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Victoria Cross

Victoria Cross. The highest award for conspicuous gallantry, instituted in 1856 during the Crimean War. Unlike most previous honours, it was open to all ranks and unclassified. The ribbon is crimson and the inscription ‘For Valour’ was Queen Victoria's suggestion. But her wish that the abbreviation should be BVC (Bearer of the Victoria Cross), lest the recipient be confused with vice-chancellors, was not followed. The original crosses were made from metal of Russian guns captured at Sebastopol. The first award went to Lieutenant Charles Lucas for gallantry in the Baltic on 21 June 1854 in seizing a live shell which had landed on the deck of HMS Hecla and throwing it overboard. In June 1857 the queen made awards to 62 persons in a Hyde Park ceremony. The VC is given sparingly and in 1994 there were fewer than 40 survivors.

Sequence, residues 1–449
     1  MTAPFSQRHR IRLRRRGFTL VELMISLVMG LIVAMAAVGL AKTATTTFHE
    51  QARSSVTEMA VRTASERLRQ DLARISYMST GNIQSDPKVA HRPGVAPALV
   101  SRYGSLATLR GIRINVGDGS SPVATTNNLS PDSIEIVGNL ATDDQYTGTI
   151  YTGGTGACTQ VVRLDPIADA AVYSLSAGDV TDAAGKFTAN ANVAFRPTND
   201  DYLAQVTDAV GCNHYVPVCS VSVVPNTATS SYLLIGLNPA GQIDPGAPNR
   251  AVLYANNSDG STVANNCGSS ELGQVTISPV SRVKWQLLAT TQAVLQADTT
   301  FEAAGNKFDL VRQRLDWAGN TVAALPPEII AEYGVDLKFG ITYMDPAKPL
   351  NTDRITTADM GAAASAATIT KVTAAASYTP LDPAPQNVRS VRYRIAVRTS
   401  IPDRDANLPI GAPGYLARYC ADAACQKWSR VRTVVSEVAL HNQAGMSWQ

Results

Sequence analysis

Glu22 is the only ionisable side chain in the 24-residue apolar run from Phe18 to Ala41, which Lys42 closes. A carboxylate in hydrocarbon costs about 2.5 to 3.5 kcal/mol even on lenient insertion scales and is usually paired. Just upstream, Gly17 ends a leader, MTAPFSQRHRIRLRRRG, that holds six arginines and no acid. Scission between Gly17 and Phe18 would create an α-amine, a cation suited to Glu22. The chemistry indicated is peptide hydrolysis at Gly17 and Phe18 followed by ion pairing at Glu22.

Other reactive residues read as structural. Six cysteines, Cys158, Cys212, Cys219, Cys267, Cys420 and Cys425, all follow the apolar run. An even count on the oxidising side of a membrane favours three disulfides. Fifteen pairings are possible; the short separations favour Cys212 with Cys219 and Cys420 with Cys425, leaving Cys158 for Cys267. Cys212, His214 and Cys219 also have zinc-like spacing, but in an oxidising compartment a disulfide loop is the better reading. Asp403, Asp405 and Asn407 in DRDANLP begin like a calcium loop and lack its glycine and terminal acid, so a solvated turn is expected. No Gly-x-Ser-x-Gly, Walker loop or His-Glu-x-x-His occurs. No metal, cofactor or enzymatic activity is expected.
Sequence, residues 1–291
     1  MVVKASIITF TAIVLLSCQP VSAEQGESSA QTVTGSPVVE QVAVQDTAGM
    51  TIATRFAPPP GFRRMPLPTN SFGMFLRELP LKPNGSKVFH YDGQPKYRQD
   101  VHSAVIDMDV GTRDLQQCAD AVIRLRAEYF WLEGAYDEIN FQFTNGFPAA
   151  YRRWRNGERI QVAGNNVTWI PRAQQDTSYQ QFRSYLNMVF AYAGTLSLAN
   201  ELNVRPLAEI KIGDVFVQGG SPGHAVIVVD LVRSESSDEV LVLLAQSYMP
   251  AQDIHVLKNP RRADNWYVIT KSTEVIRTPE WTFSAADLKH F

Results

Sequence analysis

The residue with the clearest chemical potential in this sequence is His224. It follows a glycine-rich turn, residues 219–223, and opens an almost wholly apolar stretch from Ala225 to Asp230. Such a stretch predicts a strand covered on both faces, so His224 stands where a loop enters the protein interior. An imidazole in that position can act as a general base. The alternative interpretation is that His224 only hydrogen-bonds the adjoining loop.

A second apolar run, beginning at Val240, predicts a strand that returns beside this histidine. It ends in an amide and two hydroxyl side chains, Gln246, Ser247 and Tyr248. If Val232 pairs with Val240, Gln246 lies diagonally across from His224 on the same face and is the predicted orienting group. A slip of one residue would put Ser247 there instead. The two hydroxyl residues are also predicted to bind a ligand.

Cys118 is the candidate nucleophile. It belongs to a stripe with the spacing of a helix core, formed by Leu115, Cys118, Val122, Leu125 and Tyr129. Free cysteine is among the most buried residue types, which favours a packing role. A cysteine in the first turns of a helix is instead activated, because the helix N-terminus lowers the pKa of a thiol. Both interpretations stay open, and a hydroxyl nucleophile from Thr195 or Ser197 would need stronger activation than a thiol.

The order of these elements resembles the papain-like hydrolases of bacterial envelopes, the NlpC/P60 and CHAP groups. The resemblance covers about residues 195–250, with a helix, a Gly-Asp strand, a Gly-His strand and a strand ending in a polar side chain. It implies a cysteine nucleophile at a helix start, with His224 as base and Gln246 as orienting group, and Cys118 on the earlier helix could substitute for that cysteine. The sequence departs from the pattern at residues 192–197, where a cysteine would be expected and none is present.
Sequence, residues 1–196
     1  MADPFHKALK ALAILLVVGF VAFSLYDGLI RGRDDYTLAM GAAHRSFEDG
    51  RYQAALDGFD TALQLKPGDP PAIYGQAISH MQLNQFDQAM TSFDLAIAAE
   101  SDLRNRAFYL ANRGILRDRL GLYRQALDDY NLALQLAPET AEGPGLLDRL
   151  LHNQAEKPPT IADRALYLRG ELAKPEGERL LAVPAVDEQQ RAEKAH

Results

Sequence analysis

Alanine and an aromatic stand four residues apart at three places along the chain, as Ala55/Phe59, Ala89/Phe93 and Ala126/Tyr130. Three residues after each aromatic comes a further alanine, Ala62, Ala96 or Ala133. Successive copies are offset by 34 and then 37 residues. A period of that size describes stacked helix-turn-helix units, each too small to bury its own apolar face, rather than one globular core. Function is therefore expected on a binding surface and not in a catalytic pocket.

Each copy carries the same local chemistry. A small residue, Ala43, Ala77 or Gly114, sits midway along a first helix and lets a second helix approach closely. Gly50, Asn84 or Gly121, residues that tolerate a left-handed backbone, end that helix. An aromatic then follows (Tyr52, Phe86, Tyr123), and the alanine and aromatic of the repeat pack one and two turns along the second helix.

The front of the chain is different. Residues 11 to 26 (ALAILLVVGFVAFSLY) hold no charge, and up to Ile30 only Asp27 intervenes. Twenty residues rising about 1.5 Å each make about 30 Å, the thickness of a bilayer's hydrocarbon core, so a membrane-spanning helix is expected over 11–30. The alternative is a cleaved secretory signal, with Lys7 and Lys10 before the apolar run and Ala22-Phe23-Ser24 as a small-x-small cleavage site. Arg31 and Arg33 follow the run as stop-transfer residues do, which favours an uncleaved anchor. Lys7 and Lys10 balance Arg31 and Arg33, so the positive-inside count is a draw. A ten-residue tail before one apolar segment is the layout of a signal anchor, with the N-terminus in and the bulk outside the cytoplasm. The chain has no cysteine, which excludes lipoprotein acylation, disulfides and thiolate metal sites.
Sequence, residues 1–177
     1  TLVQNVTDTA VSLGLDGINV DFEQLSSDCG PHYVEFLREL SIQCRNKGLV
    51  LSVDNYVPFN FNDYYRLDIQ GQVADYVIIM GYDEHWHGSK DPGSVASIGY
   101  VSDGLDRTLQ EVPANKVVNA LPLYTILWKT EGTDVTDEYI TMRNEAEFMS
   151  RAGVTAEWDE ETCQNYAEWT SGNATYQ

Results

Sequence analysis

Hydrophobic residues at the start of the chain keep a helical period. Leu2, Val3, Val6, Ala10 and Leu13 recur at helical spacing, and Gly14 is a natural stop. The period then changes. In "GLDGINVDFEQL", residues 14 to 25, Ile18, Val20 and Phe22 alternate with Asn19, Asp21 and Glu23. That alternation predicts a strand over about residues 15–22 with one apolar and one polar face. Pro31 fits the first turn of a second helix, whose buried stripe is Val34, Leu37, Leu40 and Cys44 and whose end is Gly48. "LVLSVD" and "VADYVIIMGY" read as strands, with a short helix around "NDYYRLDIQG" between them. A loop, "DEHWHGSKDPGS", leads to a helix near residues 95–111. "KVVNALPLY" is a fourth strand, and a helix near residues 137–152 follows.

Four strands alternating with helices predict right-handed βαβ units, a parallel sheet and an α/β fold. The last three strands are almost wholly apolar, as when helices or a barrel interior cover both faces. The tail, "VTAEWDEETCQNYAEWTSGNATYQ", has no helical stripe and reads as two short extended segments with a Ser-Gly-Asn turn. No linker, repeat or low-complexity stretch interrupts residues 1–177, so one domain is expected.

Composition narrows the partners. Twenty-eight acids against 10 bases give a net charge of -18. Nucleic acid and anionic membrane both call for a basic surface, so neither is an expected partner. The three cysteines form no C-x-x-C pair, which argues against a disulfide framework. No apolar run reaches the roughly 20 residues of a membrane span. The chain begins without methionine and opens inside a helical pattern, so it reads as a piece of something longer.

J. A. Cannon

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Victoria Cross

Vic·to·ri·a Cross (abbr.: VC) • n. a decoration awarded for conspicuous bravery in the British Commonwealth armed services, instituted by Queen Victoria in 1856.

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